Arundel Cathedral

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Arundel Cathedral
The Cathedral Church of Our Lady and St Philip Howard, Arundel
From the other side of the river Arun
Arundel Cathedral is located in Arundel (center)
Arundel Cathedral
Arundel Cathedral
Shown within Arundel
50°51′19″N 0°33′32″W / 50.8552°N 0.559°W / 50.8552; -0.559Coordinates: 50°51′19″N 0°33′32″W / 50.8552°N 0.559°W / 50.8552; -0.559
Location Arundel, West Sussex
Country England
Denomination Roman Catholic
Website arundelcathedral.org
Architecture
Architect(s) Joseph Hansom
Style Gothic Revival
Years built 1868-
Administration
Diocese Arundel and Brighton (since 1965)
Province Southwark
Clergy
Bishop(s) Kieran Conry
Dean Tim Madeley
Laity
Organist(s) Elizabeth Stratford

The Cathedral Church of Our Lady and St Philip Howard is a Roman Catholic cathedral in Arundel, West Sussex, England. Dedicated in 1873 as the Catholic parish church of Arundel, it became a cathedral at the foundation of the Diocese of Arundel and Brighton in 1965. It now serves as the seat of the Bishop of Arundel and Brighton.

History[edit]

The cathedral's location, construction, design, and dedication owe much to the Howard family, who, as Dukes of Norfolk and Earls of Arundel are the most prominent English Catholic family, and rank first (below the royal family) in the Peerage of England. Since 1102 the seat of the Howards' ancestors has been Arundel Castle.

In 1664 Roman Catholic worship was suppressed in England by the Conventicle Act and all churches and cathedrals in England were transferred to the Church of England. With the Catholic Emancipation Act of 1829 the foundation of Roman Catholic parishes became again legal.

In 1868 Henry Fitzalan-Howard, 15th Duke of Norfolk commissioned architect Joseph Hansom to design a new Roman Catholic sanctuary as a suitable counterpart to Arundel Castle. The architectural style of the cathedral is French Gothic, a style that would have been popular between 1300 and 1400—the period in which the Howards and the Dukes of Norfolk rose to national prominence in England. The building is Grade I listed, and regarded as one of the finest examples of Gothic Revival architecture in the French Gothic style in the country.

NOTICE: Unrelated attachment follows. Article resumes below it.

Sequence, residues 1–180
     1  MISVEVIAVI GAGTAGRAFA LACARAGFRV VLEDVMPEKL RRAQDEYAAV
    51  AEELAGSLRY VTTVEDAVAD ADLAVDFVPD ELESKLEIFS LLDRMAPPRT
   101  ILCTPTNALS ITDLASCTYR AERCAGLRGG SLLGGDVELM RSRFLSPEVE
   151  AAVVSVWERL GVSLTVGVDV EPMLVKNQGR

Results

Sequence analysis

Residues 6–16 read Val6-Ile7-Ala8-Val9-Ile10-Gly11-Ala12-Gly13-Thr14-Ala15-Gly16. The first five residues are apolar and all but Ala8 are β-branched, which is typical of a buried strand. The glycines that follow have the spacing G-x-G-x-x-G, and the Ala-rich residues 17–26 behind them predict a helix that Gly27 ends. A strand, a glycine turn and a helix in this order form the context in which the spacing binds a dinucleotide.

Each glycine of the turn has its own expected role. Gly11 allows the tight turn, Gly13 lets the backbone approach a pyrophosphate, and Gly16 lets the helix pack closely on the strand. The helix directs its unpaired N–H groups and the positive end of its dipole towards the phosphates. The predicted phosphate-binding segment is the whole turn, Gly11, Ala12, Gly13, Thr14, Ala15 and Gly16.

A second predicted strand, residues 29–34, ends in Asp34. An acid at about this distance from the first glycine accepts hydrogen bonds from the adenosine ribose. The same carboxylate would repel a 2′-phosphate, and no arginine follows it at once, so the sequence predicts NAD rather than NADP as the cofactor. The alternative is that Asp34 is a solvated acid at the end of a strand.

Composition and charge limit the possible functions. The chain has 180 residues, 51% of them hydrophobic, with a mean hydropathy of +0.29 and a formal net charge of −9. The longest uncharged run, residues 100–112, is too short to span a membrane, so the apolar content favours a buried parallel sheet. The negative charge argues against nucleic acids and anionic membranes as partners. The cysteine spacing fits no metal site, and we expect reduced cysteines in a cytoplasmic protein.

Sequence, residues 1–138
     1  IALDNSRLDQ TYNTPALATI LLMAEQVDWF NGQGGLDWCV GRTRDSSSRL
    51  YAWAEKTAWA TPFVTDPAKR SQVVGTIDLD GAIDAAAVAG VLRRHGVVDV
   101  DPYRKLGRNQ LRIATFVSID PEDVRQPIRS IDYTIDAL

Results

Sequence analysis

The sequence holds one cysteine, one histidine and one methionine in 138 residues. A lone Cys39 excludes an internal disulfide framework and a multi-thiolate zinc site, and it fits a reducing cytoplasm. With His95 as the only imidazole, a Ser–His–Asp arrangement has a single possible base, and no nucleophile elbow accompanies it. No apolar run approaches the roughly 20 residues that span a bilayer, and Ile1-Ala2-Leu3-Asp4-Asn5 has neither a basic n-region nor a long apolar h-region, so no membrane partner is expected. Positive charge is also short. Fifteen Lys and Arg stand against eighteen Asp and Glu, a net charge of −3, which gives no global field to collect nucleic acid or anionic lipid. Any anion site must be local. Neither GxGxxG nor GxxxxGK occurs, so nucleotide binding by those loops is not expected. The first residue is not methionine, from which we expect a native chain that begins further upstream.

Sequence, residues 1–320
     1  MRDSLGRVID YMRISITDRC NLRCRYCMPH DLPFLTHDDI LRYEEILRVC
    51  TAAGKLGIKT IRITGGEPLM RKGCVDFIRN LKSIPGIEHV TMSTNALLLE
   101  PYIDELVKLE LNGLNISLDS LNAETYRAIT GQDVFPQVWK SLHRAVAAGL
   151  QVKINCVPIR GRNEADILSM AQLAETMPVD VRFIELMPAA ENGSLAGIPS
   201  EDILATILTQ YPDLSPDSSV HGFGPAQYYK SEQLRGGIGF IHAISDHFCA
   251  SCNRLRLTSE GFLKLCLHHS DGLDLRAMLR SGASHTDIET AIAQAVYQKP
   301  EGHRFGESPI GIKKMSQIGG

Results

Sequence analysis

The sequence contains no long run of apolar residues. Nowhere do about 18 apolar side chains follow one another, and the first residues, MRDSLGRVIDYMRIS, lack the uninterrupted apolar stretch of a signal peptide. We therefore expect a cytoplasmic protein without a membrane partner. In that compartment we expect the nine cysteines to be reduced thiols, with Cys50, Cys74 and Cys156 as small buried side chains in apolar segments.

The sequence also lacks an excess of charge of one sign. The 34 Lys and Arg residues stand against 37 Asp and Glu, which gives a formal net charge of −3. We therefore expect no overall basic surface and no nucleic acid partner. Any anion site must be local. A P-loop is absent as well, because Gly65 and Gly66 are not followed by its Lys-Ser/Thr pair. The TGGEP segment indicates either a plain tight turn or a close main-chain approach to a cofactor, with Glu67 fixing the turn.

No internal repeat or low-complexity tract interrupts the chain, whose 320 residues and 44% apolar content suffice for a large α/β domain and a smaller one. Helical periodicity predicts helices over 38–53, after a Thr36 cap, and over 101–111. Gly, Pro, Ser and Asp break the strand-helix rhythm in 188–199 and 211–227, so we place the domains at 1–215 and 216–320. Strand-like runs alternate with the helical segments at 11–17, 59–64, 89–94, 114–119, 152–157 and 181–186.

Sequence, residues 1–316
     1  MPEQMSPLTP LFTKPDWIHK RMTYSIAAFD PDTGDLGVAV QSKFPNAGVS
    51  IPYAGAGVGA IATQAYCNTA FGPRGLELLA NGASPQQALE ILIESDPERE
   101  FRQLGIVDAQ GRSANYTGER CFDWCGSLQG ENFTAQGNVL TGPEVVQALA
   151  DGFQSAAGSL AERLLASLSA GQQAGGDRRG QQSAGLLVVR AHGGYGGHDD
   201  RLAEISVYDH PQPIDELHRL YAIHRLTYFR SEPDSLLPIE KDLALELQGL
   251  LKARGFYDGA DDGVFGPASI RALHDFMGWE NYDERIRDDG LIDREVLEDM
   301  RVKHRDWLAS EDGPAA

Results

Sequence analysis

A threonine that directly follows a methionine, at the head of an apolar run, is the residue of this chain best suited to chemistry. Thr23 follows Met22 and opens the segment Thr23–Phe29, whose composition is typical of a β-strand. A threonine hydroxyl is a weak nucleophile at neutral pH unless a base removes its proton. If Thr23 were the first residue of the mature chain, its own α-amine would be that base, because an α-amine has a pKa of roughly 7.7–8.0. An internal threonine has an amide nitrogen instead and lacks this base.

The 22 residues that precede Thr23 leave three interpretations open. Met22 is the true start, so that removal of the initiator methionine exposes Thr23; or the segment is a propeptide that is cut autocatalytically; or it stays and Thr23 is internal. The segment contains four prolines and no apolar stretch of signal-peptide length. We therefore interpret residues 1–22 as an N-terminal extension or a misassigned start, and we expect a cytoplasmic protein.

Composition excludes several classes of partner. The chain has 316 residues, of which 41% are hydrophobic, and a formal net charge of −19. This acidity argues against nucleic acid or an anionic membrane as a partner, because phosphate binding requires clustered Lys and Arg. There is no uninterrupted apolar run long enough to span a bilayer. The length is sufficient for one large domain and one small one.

The church was originally dedicated to Our Lady and St Philip Neri, but in 1971, following the canonisation of Philip Howard, 20th Earl of Arundel and the reburial of his relics in the cathedral, the dedication was changed to Our Lady and St Philip Howard.

Organist[edit]

In 2002, Elizabeth Stratford was appointed Organist and Master of the Choristers of the cathedral, becoming the first woman to hold the post of Director of Music in an English cathedral. Stratford was educated at St. Joseph's Catholic College, Bradford and then at the University of Huddersfield winning scholarships for voice, composition and organ from the RCO and other trusts. She studied at the University of Leeds with Gordon Stewart (organ), Simon Lindley (choir training) and Philip Wilby (composition).[1] She succeeded Alistair Warwick as the Organist and Director of Music of the cathedral, and she also teaches piano at Brighton College.

Gallery[edit]

See also[edit]

References[edit]

  1. ^ "Musical Direction". Arundel Cathedral. Retrieved 28 May 2013. 

External links[edit]